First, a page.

Tuesday, 3 February 2009

Research: Parenting styles result in different outcomes for kids

Recent US research published in the Journal of Divorce and Remarriage has summarised the effects of differing parenting styles on outcomes for children:

  • Across all parenting styles, children of authoritative parents have the best emotional adjustment. They have lower amounts of aggression and depression and higher self-esteem.

  • Children who had at least one authoritative parent, did significantly better than children with any other parenting style combinations except when both parents were authoritative.

  • Children of absent/disengaged parents had significantly more depression and aggression and lower self-esteem than all the other groups.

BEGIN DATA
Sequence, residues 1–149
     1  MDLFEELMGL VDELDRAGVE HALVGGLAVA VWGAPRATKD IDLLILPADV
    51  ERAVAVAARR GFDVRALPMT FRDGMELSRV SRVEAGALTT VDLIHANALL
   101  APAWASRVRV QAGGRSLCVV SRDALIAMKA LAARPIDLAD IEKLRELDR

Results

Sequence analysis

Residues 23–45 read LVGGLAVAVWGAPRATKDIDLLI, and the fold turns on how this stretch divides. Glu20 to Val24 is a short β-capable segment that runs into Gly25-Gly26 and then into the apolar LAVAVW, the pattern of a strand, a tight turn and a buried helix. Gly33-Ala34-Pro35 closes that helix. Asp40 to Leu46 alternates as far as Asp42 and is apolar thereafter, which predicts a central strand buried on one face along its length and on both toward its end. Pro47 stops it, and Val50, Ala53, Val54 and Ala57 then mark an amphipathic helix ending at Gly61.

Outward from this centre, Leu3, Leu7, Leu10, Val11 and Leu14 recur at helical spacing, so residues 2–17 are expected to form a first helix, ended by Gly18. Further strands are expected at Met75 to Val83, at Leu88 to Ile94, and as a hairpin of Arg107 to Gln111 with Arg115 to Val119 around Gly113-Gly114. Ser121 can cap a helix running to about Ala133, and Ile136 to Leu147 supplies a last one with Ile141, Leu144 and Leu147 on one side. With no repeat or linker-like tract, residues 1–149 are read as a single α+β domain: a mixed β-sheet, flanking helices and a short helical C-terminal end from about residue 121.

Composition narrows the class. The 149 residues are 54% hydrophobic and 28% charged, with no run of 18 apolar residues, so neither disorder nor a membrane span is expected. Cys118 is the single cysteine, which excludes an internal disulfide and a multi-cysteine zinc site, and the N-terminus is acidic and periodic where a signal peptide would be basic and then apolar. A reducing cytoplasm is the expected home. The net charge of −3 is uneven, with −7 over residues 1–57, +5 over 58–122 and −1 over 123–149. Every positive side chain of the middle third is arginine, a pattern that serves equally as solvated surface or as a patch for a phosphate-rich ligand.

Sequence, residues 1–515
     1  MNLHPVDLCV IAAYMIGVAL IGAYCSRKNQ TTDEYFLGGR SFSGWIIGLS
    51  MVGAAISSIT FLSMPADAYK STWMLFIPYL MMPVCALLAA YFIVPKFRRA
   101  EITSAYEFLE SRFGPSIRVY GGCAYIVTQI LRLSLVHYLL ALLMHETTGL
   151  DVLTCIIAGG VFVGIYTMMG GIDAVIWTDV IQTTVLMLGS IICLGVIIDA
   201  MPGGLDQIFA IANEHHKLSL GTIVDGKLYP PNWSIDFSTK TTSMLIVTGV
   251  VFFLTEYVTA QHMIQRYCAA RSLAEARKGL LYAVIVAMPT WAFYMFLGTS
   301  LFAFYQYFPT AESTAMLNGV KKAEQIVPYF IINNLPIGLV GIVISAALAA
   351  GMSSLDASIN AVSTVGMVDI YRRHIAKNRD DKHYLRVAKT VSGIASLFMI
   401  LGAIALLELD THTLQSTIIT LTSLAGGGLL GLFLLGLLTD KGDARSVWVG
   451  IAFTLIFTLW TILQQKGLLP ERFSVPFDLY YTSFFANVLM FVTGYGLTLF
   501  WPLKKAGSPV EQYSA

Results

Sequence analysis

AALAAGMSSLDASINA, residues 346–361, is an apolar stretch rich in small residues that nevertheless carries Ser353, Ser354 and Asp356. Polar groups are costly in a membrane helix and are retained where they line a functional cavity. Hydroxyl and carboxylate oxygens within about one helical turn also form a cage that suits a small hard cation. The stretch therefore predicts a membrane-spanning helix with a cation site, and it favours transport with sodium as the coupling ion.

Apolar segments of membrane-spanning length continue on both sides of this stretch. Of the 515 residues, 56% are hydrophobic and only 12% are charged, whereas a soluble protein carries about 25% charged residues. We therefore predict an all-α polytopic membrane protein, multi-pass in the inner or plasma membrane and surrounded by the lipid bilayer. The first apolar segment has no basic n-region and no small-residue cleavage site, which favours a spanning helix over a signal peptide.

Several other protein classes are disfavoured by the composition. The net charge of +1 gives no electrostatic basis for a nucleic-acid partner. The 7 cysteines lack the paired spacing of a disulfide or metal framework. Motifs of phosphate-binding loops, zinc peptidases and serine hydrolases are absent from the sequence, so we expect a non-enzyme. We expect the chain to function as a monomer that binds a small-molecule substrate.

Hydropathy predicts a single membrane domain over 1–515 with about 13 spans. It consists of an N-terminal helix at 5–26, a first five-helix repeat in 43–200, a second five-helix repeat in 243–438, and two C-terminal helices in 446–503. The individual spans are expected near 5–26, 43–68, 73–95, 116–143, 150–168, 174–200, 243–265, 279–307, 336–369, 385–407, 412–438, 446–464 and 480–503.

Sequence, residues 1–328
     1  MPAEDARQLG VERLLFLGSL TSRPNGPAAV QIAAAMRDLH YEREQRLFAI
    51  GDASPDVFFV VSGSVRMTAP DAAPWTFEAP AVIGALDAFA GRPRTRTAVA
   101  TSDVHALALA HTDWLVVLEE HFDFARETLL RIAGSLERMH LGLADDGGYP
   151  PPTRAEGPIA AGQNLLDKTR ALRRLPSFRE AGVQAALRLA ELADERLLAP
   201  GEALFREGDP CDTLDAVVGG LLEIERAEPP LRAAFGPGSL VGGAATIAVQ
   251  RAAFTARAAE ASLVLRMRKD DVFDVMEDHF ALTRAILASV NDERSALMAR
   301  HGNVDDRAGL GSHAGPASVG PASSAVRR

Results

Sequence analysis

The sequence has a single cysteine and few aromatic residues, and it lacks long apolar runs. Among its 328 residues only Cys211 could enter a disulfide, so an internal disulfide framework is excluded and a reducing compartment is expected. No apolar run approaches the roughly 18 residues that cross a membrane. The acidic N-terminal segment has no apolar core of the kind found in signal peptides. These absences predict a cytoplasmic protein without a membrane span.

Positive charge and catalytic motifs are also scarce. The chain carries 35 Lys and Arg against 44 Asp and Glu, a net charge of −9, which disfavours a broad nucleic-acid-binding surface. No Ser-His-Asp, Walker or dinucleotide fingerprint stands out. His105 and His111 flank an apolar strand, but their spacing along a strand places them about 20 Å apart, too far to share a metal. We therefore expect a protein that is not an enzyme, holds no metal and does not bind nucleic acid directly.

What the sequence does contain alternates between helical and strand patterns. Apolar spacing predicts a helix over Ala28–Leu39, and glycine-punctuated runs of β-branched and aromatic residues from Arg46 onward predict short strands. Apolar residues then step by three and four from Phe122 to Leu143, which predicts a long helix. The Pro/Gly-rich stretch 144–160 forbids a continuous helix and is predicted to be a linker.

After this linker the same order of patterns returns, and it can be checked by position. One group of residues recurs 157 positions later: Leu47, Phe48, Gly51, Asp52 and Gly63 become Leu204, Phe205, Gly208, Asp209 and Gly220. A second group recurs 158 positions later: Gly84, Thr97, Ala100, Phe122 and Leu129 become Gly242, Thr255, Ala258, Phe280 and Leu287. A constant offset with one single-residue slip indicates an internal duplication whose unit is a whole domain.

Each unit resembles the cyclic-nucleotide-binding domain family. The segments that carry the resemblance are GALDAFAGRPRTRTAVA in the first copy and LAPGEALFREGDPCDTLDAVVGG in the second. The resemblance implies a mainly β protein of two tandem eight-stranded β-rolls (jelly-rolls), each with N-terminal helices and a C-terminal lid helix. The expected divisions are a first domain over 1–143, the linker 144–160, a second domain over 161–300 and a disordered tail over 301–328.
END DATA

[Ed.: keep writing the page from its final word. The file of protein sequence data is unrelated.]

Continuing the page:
• Children with permissive parents rated themselves as more depressed than those children who had at least one authoritative parent.

  • Children whose parents were both absent exhibited the highest levels of aggression.
    Only 17% of the children rated both of their parents as being authoritative. However, 40% rated their mothers as authoritative and their fathers as permissive.

  • In cases of divorce, the parent with whom the child lived with the most was more likely to be authoritative.

A summary of the research can be found here.

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